PCM 009; Cheville; Page 35 World War? RC: N o. Yeah, he was, but we need to go back further because he got a beca, scholarship to go to Germany to study neurosurgery in the early 1930s, and he medical school at Harvard so he United States and started the Panameista Party and made a symbol with a lightning bolt that was yellow on a purple background. You may still see some and the arnulfistas are still a powerful party. But then he organized his party really very much on a fascist level, and he was very close personally to the German ambassador to Panama and the Japanese ambassador to Panama. There was a lot of tic tac toe going on in 1940 and 1 941. One of the tic tac toes is that L loyd Areo which is a German airline, was building an airport in the jungle of Colombia within a hundred and fifty miles of Panama. And they were bringing in Heinkel 110s, which is a bomber ; they were calling them fast mail planes. Franklin Roosevelt pushed and paid for Colombia to take this over. That threw Arnulfo out at that time because s of how he was kicked out, but he was throw n out three times, twice by the United States, and
PCM 009; Cheville; Page 36 some connivance from Corey Heights, which was the high command for the milit ary here. LC: So even though you had two bad peas in the pod, which is the worst pea that you throw out? I think that was that time when the three colonels came to power and the U.S. saw, we better back the colonels rather than Arias. RC: Well, there was the hassle between the three colonels. At that time, Noriega was in a group of Panamanians in Mexico no. Torrijos had gone to Mexico, and Noriega was in charge of the area up by the Costa Rican border. W hen Torrijos came back, he came to Panama through San Jose, Costa Rica and then they started a march down the isthmus sort of like Mussolini marching in the 20s on Rome. And they pick ed up people as they came along; there would have been no Torrijos w ithout Noriega, which was probably why Torrijos was so Castro LC: RC: Oh, yeah. LC: From an American perspective, if you had the elected president in Panama who was Arnulfo, and knowing the history of Arnulfo and he was a little crazy and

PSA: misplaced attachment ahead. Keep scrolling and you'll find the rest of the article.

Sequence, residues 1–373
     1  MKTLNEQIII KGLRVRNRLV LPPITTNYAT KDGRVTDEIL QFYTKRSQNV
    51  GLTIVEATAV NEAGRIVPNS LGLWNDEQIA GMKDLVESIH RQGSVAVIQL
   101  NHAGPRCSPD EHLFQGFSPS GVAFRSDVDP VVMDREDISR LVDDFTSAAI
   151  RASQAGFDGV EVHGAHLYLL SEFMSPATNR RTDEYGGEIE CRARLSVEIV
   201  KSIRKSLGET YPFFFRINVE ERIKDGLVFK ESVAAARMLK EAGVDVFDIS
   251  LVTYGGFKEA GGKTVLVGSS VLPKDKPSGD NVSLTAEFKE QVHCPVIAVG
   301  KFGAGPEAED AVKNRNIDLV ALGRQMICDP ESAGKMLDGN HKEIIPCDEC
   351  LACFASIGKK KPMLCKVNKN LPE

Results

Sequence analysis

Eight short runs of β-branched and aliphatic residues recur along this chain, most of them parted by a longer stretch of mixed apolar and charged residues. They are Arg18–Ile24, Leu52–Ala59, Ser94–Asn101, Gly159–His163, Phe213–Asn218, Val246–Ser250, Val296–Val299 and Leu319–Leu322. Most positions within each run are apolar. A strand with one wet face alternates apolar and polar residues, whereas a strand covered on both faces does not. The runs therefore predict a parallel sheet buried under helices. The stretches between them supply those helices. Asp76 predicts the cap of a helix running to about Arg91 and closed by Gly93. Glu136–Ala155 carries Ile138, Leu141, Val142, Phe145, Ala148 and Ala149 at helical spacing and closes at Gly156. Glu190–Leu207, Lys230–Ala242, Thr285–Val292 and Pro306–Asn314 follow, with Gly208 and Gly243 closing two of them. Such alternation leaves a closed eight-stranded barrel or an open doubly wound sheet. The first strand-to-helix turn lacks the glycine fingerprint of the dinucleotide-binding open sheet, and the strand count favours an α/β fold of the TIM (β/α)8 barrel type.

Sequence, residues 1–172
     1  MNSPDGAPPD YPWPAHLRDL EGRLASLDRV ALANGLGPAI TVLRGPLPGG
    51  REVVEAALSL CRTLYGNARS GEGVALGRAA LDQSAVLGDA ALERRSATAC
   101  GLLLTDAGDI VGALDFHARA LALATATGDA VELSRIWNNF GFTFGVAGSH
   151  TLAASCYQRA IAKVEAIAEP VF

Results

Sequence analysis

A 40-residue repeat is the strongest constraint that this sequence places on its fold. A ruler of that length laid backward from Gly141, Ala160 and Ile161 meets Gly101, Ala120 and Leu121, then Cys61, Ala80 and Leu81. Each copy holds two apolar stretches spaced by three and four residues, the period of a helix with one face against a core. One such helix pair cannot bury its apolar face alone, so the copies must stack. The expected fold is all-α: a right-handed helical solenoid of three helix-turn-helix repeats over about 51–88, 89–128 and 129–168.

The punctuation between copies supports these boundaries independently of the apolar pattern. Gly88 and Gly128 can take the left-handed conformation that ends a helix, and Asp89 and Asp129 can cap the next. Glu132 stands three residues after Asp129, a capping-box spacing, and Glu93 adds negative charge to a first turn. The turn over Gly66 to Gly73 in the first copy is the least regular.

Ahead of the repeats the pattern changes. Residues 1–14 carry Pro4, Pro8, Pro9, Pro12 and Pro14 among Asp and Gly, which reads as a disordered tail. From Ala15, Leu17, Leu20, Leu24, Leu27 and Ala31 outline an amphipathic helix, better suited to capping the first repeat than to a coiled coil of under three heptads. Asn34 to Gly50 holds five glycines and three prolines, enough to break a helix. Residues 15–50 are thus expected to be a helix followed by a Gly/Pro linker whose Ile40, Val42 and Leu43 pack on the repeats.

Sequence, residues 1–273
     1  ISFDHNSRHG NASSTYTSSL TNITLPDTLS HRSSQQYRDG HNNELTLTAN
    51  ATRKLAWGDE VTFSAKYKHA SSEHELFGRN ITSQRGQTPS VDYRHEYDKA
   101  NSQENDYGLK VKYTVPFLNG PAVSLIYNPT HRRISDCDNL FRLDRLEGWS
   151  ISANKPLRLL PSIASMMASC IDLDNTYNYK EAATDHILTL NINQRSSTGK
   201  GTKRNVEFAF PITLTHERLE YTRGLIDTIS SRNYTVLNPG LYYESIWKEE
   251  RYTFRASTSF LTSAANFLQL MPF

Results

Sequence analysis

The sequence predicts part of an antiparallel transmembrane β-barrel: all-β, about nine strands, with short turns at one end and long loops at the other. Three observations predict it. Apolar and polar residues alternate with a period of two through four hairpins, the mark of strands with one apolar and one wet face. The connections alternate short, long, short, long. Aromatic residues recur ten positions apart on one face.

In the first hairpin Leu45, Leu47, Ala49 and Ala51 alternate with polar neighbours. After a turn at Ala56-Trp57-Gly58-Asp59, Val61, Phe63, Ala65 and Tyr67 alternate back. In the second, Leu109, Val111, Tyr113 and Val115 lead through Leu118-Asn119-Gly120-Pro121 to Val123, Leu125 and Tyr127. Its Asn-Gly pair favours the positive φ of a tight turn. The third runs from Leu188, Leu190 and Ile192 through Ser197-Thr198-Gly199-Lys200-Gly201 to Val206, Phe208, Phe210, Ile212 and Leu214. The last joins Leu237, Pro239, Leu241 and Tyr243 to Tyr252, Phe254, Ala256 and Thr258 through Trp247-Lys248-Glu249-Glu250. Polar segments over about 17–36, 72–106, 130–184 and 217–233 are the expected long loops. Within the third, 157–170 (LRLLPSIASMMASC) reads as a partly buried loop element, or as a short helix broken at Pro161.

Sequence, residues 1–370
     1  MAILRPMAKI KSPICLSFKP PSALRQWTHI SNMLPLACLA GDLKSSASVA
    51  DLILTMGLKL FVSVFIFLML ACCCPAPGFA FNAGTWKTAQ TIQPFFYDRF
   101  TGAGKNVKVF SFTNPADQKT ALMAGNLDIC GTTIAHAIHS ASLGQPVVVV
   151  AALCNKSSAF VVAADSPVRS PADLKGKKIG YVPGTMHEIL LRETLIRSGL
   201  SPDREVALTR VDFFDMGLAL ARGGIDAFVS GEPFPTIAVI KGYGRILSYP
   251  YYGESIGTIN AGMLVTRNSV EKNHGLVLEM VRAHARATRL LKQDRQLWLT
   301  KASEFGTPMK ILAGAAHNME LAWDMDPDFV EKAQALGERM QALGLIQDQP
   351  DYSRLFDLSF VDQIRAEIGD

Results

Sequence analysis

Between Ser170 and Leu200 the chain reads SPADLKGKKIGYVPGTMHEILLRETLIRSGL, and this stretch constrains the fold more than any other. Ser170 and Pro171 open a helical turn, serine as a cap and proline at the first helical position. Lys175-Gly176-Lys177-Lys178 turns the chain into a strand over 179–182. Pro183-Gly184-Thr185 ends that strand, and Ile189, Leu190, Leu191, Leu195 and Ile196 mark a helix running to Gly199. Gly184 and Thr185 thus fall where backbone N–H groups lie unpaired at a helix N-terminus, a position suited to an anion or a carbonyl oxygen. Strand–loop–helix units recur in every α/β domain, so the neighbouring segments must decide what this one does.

PCM 009; Cheville; Page 37 then these colonels coming to power, who would you choose to back? I think at O: Yeah. I mean, you had mentioned RC: [Laughter] I think we took the wrong choice, personally. LC: But there was a less RC: Tha is a nave fool. O: And there are the broader broader region, hemisphere. RC: That was a lot o f the reason for the treaty. Holding onto it Torrijos beat the hell out of us in terms of propaganda, in terms of moving towards the treaty. And all of Latin America talked about the heathens to the north, the shark and the sardines. LC: I would also like to say in terms of your experience in Panama was really within mil groups in other countries in Latin America, and I think that was the entrance in terms of, the U.S. was very interested in SOUTHCOM and what they were eople we talked to that were off to Peru, were off to Argentina, were off. We knew exactly
PCM 009; Cheville; Page 38 RC: Oh, we knew about it. LC: What was happening with the SOUTHCOM and their involvement all through South America. So I think your comment is very important becaus e at that time it was not just Panama. RC: It was a huge C.I.A. center, it was a huge listening post. It had people that read newspapers from all over Latin America every day to find little bits of information. It seemed like there was one period of time everybody we met turned out to be associated with the C.I.A. in some way. A lot of what we were doing Lila was doing folklore studies out there, and she got a guy she met, George Archer, who was a good photographer and was set up to do photography and work ed with him for a while. All of a sudden, he and his wife just split. [Laughter] They disappeared, the two red George went. LC: George went back to C.I.A. RC: But his wife, it turned out later I found out from other people, was with the agency. LC: So there was a lot going on. RC: It was an interesting place. LC:
PCM 009; Cheville; Page 39 O: We needed Arthur Miller to write a book about Panama, right? [Laughter] LC: Yeah. O: taken well over an hour already, and I know me ask this question: how often do the two of you go back to Panama? RC: urbulent during the last years right up through Just Cause. I was on a hit list, carried a radio around for a year and a half, two years. A message came through hammerblow I was to get hold before where there was a telephone, had a number to call and an armored vehicle would pick us up. We had big Ford sedans with blackened windows that would drive up in front of our house. We lived next door to the head of the Marine Bureau and he was also o n that list. Six guys with crew cuts and muscles under tight T shirts would get up and go through some kind of exercise and get back in the car and drive away. These wer e Panamanian Guardias who clearly had a right to be there because it was Panama by that time. None of this really got through to me. I tolerated that all very well, but after it was over when I watched the new government go into Panama. Endara got married to a Chinese chippy, then he decided to haul into the c athedral for and he lived in the cathedral what for a month or six weeks, just some kind of crazy business. They were fighting like cats and dogs. Two people that I had pushed Panamanians for hi gher